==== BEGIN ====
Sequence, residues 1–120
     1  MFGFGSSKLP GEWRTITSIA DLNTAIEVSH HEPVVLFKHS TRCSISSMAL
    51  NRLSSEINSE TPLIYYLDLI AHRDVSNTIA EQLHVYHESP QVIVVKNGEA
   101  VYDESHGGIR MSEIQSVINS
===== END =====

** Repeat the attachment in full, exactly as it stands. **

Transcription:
Sequence, residues 1–120
     1  MFGFGSSKLP GEWRTITSIA DLNTAIEVSH HEPVVLFKHS TRCSISSMAL
    51  NRLSSEINSE TPLIYYLDLI AHRDVSNTIA EQLHVYHESP QVIVVKNGEA
   101  VYDESHGGIR MSEIQSVINS